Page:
The holidays are a wonderful time of year. But preparing for them overlaps with regular work and school routines, and that can leave even the most industrious elves feeling frazzled. Here are a few tips to keep your season merry and bright. 1. Write It DownMake your own version of Santa’s list to remember the dizzying array of things you need to prepare or purchase over the holidays.
The City of Gretna recently unanimously adopted an ordinance to establish the 25th Street Resilience District to address repetitive flood damage in the area. The new district is bounded by the Westbank Expressway to the north, Whitney Canal to the south, Belle Chasse Highway to the east and Heebe/Hero Canal to the west. The area has one of the highest concentrations of properties with multiple National Flood Insurance Program (NFIP) claims.
The first ever "Battle of the Balls," a meatball eating contest, was held on the last day of Gretna Heritage Festival. Not only did the event draw a large standing-only crowd, it also reaped $2,500 raised for Children's Hospital. Shawn Terrebonne of Marrero rose to the occasion. He slapped on his meatball-eating shirt and ingested 20 2-ounce meatballs in two minutes for the winning trophy. As champion, he also pocketed $100 cash and a $100 gift card from Tony Mandina's Restaurant.
Muck Rack makes it simple to find people, tweets, or articles that mention any name, keyword, company, hashtag etc. We've compiled this guide to help you make the most of your search.
Selecting a term
Start searching tweets, articles from media outlets, articles mentioned in tweets, journalists'
names, titles and bios with some suggested searches:
Companies or Topics (e.g. iPhone, Microsoft)
Phrases (e.g. "cloud computing") — use quotes to keep the terms together
Twitter handles (e.g. @username) — returns those who have mentioned or replied to
Names (e.g. "David Pogue")
Hashtags (e.g. #sxsw, #london2012)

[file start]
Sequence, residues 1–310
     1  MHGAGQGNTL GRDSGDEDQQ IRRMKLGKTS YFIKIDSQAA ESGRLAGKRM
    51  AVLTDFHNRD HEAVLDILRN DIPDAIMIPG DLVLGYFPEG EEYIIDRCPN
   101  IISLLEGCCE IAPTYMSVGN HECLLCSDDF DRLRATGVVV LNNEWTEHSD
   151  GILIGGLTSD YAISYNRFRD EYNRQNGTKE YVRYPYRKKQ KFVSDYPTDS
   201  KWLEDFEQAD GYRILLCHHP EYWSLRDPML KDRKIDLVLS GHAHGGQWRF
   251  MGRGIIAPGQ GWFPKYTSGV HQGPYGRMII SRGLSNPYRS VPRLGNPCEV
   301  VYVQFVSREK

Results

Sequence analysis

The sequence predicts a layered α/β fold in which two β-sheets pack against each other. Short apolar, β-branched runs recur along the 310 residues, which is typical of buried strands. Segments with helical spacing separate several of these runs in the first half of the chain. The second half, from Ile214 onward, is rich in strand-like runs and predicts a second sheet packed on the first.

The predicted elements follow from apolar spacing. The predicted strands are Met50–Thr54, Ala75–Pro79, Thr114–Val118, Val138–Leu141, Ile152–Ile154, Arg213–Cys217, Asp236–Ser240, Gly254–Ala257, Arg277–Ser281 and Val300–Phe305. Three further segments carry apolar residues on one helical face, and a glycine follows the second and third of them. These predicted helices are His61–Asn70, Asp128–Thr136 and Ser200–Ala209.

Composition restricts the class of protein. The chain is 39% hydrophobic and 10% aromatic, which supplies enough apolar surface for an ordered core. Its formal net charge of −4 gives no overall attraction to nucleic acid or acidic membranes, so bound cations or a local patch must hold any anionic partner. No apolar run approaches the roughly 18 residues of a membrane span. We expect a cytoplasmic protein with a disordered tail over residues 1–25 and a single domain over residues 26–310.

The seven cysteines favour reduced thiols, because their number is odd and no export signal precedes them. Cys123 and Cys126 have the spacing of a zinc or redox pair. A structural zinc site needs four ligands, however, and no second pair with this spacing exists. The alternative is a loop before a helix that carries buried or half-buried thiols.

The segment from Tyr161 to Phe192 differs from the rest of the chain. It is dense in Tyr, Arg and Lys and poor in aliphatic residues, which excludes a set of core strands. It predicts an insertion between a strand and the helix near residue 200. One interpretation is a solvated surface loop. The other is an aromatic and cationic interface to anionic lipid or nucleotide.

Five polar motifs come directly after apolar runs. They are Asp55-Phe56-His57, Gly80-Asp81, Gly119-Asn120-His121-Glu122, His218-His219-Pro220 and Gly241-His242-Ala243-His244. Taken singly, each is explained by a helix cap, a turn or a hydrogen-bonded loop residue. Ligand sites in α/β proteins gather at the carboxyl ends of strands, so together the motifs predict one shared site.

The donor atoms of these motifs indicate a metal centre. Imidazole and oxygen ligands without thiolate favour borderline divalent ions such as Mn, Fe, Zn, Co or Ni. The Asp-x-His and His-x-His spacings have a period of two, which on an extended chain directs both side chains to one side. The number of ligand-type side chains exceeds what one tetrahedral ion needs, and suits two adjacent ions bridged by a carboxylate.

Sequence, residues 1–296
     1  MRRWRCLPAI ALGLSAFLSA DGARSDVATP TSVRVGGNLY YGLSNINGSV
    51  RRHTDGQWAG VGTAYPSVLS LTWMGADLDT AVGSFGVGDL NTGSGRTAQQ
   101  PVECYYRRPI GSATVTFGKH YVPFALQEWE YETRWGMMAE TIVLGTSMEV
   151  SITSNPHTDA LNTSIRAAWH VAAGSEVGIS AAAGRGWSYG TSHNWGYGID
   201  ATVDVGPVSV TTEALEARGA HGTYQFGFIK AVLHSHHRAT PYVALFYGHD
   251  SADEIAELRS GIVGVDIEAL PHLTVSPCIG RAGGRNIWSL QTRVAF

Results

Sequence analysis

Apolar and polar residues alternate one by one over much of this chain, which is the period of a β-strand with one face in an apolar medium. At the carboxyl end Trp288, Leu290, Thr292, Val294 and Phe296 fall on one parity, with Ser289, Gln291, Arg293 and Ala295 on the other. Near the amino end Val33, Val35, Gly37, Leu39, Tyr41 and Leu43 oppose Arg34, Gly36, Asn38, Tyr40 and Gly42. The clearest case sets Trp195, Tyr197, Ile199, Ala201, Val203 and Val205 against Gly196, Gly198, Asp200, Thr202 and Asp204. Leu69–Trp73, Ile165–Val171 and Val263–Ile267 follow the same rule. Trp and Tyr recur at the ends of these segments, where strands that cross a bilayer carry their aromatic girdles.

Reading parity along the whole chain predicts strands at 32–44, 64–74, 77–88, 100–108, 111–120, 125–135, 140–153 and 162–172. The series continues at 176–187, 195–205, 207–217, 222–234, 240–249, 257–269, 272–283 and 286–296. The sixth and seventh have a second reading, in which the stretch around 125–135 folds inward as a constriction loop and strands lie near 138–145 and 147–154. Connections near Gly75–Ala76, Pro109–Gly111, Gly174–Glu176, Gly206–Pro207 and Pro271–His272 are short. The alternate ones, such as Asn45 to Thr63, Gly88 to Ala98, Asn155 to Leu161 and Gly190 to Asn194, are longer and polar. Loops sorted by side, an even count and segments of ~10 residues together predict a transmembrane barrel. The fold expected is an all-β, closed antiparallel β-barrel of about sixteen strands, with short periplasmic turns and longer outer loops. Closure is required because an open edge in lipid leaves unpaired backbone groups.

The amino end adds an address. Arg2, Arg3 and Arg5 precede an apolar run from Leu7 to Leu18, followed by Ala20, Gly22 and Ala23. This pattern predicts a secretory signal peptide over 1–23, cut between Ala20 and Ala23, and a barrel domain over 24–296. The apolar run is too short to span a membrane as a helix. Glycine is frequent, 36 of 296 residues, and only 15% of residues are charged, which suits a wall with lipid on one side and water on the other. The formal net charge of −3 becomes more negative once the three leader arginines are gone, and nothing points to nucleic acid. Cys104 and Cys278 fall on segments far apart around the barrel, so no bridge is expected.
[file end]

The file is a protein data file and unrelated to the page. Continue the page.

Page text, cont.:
Bio details (e.g. vegan, Olympics, father)
Muck Rack's Advanced Search allows for many boolean operators.
Find results that mention multiple specified terms, use AND or
+. For example, ensure each result contains both Elon Musk and Mark Zuckerberg by
searching Musk AND Zuckerberg or Musk + Zuckerberg.
Use the operators OR or , to broaden your search when you'd like either of
multiple terms to appear in results. (This is the default behavior of our search when no operators
are used). For example, results will contain either cake or cookie by searching cake OR cookie or cake,cookie
Use NOT or - to subtract results from your search. For
example, searching Disney will yield results about the Walt Disney Company as well as Walt Disney
World Resort. To exclude mentions of Disney World, search for Disney -World or Disney
When using one of these operators with a phrase, enclose it in quotation marks. For example, you can
find results about smartphones excluding Apple's iPhone 4S by searching smartphone -"iPhone
Exact case matching or punctuation
If you're searching for a brand name or keyword that relies on specific punctuation marks or capitalization, you can
find results that match your exact query by adding matchcase: before the keyword you're searching for, like matchcase:E*TRADE .
Use parentheses to separate multiple
boolean phrases. For example, to find journalists talking about having fun in Disney World or
Disneyland, search for ("disney world" OR disneyland) AND fun.
An asterisk can be used to search for any variation of a root word truncated by the asterisk. For example, searching for admin* will return results for administrator, administration, administer, administered, etc.
A near operator is an AND operator where you can control the distance between the words. You can vary the distance the near operation uses by adding a forward slash and number (between 0-99) such as strawberries NEAR/10 "whipped cream", which means the strawberries must exist within 10 words of "whipped cream".